Compulsory employee vaccination
To date, three COVID-19 vaccines manufactured by pharmaceutical companies Pfizer-BioNTech, AstraZeneca and Sinopharm have been approved for general use by their respective licensing authorities.
Although these vaccines have passed clinical tests, the Philippines’ Food and Drug Administration (FDA) has not given clearance yet for their importation and use in the country.
In anticipation of the FDA’s favorable action, some local companies with sufficient financial resources are already making arrangements, on their own, for the procurement of the vaccine for their employees.
These companies prefer to do the buying themselves, rather than through the auspices of the government, so they can directly supervise its delivery, storage and disposition.
That arrangement is favorable to the foreign pharma companies because they are assured of prompt payment of the vaccine and, most importantly, they would not have to contend with the red tape that often accompanies transactions with the government.
The local companies’ game plan is, as soon as the vaccine becomes available, they will require their staff to be injected with it, free of charge, in accordance with the prescribed protocol.
The cost of importing, storing and administering the vaccine is not going to be cheap. It can run to millions of pesos, depending on the kind of storage facilities to be installed and maintained, and the number of employees to be inoculated.
Although that cost can be claimed as a business expense for tax deduction purposes, it can also be looked at as an investment on the health and well-being of the employees that will, at the end of the day, redound to the benefit of the business.
Looking ahead, some questions may be raised about the extent of an employer’s authority to take that preemptive medical action on its employees.
Can an employer compel its employees to be injected with the vaccine? If an employee refuses because he or she is not convinced of its efficacy or is apprehensive about its side effects, or claims that his or her religious beliefs forbid such procedure, can that employee be subjected to disciplinary action?
The Labor Code requires employers to, among others, observe rules and regulations that will ensure the health and safety of their employees and this includes the installation of safety devices and provisioning of safety equipment when appropriate.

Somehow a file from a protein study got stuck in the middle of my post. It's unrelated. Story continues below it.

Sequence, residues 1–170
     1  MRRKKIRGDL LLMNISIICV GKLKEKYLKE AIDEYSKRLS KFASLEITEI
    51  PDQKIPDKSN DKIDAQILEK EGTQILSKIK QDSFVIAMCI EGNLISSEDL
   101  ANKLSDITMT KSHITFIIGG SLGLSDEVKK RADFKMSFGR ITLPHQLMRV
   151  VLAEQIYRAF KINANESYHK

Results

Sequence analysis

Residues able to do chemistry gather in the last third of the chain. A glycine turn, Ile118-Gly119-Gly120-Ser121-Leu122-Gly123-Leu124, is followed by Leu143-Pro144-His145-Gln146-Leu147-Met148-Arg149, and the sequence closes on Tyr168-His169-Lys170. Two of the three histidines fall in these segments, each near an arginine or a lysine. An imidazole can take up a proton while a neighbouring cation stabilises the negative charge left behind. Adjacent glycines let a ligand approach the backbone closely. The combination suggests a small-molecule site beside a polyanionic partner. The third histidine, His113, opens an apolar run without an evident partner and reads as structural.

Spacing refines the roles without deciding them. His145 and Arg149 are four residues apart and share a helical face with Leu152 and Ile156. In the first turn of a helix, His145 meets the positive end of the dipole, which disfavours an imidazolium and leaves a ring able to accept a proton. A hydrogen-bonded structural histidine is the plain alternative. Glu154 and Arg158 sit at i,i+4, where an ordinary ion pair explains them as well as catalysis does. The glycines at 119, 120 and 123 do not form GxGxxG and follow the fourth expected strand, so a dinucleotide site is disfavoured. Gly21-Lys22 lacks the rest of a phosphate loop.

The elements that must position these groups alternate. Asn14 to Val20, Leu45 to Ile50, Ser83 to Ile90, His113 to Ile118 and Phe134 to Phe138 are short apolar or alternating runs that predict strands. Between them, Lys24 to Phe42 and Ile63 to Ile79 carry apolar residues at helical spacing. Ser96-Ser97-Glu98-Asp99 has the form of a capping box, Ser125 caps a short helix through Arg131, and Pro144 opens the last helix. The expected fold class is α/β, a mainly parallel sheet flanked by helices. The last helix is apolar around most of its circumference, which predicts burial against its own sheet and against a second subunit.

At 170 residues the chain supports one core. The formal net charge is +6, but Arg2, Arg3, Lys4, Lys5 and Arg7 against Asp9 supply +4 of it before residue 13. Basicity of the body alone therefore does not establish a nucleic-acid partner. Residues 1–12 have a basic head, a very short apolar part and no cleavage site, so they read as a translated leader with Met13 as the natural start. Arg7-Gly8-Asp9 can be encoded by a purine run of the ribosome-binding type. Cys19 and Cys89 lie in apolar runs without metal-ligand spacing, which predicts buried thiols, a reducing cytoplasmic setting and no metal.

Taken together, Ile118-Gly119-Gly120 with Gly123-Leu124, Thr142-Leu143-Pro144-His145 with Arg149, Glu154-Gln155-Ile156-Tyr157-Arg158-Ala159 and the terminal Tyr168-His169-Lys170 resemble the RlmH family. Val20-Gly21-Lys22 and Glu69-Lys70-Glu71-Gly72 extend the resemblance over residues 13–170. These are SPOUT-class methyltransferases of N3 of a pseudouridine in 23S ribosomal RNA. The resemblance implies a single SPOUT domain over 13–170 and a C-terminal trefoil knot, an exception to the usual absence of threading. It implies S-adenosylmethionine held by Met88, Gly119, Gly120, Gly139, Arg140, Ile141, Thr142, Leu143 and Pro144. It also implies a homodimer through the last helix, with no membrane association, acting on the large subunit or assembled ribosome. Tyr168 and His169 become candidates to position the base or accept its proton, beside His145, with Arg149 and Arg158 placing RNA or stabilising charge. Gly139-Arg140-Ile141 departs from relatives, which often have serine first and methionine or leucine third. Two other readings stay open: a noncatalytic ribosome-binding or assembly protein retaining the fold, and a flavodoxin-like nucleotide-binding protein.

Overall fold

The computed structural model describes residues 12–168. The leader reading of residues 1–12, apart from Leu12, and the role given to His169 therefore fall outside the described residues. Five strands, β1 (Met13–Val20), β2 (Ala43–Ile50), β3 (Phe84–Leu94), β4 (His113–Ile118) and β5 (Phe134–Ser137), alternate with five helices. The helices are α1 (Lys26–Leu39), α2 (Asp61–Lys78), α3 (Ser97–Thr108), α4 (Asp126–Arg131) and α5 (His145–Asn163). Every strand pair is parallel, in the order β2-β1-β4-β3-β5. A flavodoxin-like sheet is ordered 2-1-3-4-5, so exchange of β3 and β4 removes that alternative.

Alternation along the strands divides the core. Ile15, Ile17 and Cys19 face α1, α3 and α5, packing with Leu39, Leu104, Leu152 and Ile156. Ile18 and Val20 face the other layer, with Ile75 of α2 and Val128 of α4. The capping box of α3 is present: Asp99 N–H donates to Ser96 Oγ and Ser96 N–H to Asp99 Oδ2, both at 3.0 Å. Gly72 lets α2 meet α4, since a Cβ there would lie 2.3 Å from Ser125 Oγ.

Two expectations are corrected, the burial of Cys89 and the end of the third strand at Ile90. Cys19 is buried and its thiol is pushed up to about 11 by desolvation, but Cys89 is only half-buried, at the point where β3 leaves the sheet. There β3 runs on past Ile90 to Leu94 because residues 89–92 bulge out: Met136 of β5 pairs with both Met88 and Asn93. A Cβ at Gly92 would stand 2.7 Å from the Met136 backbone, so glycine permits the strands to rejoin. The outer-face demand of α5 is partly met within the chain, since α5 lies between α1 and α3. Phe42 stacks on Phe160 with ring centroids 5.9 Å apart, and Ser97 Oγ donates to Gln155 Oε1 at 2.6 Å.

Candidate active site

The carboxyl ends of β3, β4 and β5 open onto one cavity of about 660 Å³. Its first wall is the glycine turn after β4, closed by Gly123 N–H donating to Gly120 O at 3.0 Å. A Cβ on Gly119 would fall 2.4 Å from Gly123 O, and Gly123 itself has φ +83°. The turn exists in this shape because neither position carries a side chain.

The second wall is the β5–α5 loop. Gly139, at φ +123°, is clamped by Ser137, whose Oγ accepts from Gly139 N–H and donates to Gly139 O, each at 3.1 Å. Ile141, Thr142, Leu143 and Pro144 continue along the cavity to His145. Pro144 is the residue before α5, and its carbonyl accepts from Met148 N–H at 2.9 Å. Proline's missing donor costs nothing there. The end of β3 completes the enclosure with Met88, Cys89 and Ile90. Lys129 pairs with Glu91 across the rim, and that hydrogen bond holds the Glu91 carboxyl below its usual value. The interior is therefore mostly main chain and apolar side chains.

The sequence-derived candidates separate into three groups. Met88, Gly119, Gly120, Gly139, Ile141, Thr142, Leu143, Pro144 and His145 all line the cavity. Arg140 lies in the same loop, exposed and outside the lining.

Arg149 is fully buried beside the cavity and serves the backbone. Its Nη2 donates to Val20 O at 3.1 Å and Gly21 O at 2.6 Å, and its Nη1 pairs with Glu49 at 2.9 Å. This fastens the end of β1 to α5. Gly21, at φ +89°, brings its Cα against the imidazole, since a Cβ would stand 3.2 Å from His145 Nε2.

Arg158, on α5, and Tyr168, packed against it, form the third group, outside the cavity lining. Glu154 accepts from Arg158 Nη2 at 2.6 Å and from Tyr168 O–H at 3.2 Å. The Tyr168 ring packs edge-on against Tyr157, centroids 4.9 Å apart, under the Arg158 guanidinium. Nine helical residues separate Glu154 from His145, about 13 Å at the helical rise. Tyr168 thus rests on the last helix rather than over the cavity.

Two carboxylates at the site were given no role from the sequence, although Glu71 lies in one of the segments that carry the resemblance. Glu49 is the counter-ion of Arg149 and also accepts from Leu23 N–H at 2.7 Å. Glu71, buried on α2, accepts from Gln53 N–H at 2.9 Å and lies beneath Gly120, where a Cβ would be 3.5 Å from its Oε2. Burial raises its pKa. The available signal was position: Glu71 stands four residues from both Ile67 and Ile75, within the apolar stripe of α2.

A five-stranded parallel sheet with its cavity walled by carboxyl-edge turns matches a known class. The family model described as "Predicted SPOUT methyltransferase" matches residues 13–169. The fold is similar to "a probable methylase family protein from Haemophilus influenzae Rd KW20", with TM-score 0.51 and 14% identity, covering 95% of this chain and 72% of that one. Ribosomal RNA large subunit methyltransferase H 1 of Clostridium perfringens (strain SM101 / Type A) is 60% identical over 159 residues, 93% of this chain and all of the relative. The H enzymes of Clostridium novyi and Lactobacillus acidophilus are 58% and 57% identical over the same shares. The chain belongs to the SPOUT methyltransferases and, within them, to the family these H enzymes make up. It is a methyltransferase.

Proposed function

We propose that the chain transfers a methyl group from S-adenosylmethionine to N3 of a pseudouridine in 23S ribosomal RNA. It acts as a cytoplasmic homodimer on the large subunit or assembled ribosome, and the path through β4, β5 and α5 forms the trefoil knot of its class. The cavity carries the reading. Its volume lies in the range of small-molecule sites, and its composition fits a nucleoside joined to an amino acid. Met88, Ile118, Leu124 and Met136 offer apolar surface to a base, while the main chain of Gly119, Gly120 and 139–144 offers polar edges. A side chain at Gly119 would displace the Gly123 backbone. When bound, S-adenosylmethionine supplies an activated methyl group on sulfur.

Failure to comply with those obligations would make the employer liable for civil and penal sanctions.
Requiring employees to be injected with the COVID-19 vaccine as a condition for their continued employment falls squarely within the employer’s health and safety obligations.
The vaccine will provide protection not only to the inoculated employee but also to the rest of the staff.
For the employer, that would mean savings on hospitalization expenses if an employee is infected with the virus and avoiding the costs of isolating employees who had been in contact with that employee and disinfecting the work premises.
On the part of the employees, immunity from the virus assures him or her of continued employment and receipt of their salary.
Since compulsory vaccination would be mutually beneficial and advantageous to the employer and employees, the former has the right to impose disciplinary action on recalcitrant employees to enforce compliance with that preventive health measure.
Reminder to employees who may refuse to be vaccinated and, as a result, get infected with the virus: the Labor Code states that “an employer may terminate the services of an employee who has been found to be suffering from any disease and whose continued employment is … prejudicial to his health as well as to the health of his co-employees.”
If an employer avails of that authority, the affected employee would be entitled to separation pay equivalent to at least one month salary or 15 days pay for every year of service, whichever is greater. INQ
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